Retail sales for January are out and so are the spruikers. According to the SMH today:
Retail sales grew in January as consumers took heart from steady interest rates and a strong jobs market to increase their spending.
The volume of sales increased 0.4 per cent in January, up from 0.2 per cent in December, according to the Australian Bureau of Statistics. Economists had expected retail sales to rise by only 0.3 per cent in the month.
“Low unemployment and steady interest rates likely prompted higher (retail) spending in the month,” said Moody’s Economy.com. Food retailing rose by 2.5 per cent, while department stores sales increased 2.3 per cent, according to the ABS.
Household goods retailing sank 4.6 per cent in the month with clothing, footwear and personal accessories, all subject to competition from overseas companies on the internet, fell 2.5 per cent, the ABS said.
The Australian dollar firmed to $US1.0198 after the sales data were not as weak as some had bet on. Interbank futures held steady as the data did little to challenge expectations that interest rates are on hold for some months to come.
Sigh … what rot. Here’s a long term graph of retail sales:
Does that fall at the end look like consumers lighting cigars with $100 bills to you?
What is interesting to note is that as retail sales have increased their rate of growth over the years they have also become more volatile. The period we’re currently wading through is most reminiscent of 2003/04 when housing last stalled. Going deeper, let’s check out the sub-sectors:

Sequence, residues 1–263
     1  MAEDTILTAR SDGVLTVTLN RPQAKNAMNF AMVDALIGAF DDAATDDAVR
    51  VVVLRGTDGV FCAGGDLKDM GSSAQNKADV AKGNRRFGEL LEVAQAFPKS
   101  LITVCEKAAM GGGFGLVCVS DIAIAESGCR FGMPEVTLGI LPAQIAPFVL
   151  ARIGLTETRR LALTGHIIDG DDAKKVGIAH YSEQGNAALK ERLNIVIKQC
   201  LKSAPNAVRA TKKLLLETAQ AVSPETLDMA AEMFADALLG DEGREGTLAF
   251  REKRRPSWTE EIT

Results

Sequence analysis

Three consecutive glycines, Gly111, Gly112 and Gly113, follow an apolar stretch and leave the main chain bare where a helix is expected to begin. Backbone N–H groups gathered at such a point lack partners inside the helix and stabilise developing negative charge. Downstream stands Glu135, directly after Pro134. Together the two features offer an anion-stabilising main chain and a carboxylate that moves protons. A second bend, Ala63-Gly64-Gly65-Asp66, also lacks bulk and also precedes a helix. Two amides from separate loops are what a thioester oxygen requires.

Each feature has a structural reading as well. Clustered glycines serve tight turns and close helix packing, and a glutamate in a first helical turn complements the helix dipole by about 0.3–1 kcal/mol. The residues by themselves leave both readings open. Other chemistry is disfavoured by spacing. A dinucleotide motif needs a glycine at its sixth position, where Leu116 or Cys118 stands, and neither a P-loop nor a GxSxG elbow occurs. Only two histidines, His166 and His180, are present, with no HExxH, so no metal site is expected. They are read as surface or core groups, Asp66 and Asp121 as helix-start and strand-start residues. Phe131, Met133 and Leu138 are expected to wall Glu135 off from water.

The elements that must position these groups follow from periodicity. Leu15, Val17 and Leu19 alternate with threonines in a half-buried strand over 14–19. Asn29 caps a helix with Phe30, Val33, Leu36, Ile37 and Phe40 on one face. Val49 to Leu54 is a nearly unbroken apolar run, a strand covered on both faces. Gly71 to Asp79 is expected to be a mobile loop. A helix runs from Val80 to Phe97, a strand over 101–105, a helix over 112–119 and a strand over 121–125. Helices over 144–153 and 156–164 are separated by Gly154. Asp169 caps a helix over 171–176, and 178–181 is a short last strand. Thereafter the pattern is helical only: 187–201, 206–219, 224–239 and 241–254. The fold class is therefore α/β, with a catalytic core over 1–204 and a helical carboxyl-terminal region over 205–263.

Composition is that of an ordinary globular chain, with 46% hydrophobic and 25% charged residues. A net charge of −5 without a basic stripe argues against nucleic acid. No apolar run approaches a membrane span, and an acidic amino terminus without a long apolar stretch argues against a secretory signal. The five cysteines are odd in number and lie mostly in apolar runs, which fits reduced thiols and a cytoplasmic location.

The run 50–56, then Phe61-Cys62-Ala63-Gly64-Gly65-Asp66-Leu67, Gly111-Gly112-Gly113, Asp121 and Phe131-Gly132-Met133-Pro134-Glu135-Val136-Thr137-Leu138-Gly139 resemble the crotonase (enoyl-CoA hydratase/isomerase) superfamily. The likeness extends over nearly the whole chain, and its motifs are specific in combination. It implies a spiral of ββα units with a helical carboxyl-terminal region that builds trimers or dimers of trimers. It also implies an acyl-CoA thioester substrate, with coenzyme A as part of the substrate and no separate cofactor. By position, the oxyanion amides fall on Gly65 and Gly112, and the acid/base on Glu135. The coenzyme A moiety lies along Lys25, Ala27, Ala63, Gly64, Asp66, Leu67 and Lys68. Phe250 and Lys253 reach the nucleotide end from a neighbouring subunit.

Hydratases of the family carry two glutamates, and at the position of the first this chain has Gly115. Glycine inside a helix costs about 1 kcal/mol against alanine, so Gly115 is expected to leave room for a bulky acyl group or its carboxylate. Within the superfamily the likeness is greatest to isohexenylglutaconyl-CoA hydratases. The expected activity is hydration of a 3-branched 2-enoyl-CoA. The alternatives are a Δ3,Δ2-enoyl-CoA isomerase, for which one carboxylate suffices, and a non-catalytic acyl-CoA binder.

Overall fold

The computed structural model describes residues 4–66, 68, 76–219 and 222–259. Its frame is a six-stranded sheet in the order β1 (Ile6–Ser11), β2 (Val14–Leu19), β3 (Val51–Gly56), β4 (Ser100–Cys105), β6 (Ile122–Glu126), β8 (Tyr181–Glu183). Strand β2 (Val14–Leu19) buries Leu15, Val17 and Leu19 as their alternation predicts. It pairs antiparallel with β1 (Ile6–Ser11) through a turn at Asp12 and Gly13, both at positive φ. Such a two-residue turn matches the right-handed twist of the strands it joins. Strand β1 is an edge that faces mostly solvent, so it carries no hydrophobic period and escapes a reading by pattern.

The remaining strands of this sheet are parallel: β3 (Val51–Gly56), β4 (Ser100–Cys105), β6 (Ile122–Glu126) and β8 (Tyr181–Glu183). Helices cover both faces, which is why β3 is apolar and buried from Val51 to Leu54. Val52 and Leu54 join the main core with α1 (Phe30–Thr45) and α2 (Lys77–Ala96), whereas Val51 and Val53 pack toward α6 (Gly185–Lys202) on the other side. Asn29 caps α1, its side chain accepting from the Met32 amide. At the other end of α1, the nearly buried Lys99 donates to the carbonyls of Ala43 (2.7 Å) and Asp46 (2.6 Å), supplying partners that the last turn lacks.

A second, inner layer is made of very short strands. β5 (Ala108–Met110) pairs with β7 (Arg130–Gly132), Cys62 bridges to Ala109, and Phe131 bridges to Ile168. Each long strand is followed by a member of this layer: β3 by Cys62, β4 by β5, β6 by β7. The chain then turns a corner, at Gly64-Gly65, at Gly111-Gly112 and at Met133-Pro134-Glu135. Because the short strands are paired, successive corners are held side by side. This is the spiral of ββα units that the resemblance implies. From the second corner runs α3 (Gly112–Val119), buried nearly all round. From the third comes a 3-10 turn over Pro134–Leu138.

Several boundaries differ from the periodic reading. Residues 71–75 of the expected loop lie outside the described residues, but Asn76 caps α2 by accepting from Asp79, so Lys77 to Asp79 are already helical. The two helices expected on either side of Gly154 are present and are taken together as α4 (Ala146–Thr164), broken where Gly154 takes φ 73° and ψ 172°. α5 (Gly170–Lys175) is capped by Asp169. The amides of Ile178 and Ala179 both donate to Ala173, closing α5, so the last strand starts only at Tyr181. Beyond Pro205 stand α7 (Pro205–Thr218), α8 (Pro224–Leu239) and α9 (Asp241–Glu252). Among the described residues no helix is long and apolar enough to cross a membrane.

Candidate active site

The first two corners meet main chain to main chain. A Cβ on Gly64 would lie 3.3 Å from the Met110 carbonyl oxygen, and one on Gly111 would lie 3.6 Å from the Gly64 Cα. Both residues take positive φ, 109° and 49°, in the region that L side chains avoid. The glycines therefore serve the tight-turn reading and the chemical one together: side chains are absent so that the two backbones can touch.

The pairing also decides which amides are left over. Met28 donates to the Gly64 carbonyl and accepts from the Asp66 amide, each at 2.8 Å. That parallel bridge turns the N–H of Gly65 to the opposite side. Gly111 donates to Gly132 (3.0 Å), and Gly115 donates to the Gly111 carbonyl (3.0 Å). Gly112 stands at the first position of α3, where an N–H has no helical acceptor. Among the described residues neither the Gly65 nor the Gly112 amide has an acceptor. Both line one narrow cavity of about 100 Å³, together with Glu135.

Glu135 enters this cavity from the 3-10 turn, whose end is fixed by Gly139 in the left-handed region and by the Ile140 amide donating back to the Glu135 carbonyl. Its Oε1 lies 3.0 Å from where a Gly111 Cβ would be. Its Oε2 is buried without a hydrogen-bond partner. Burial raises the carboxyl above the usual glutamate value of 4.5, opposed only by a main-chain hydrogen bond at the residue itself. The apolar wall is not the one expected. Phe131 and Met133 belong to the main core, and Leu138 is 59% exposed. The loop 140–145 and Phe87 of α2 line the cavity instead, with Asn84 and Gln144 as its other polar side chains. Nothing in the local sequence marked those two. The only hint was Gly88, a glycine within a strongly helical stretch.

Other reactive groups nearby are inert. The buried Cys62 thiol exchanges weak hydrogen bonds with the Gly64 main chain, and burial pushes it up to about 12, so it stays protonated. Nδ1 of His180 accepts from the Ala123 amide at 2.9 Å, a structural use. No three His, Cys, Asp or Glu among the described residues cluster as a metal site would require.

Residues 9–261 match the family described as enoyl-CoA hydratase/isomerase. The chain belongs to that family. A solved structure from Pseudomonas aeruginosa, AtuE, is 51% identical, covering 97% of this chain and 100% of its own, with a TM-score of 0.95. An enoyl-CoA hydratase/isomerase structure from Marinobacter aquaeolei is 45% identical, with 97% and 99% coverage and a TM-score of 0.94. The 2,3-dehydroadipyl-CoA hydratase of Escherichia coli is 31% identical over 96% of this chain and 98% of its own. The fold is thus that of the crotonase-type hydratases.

The three merchandise sectors look very gloomy. All three have flatlined since mid 2009. And it got worse in early 2010. Of the three, the only one that displays macro evidence for dollar-related falls is household goods, which stopped growing in 2007, when the dollar first challenged parity.
Let’s take a look at the supermarkets and eating out sectors:
Still growing but its a similar story. There’s a distinct flattening for supermarkets in mid 2009 and that sector is joined by eating out in the first quarter of 2010.
So, let’s try to remember what happened back then…that’s right, this did:
Interest rates started to rise. There would also have been some effect from waning stimulus. That can’t explain the first quarter 2010 jolt, however, which was all rates and flatlined house prices.
The oft quoted cliche that monetary policy has a lag period of six months to work looks dead and gone. The lag period now looks compressed to about five seconds. Big debt and overinflated assets have consumers terrified of the RBA.
He is also a former gold trader and economic commentator at The Sydney Morning Herald, The Age, the ABC and Business Spectator. He is the co-author of The Great Crash of 2008 with Ross Garnaut and was the editor of the second Garnaut Climate Change Review.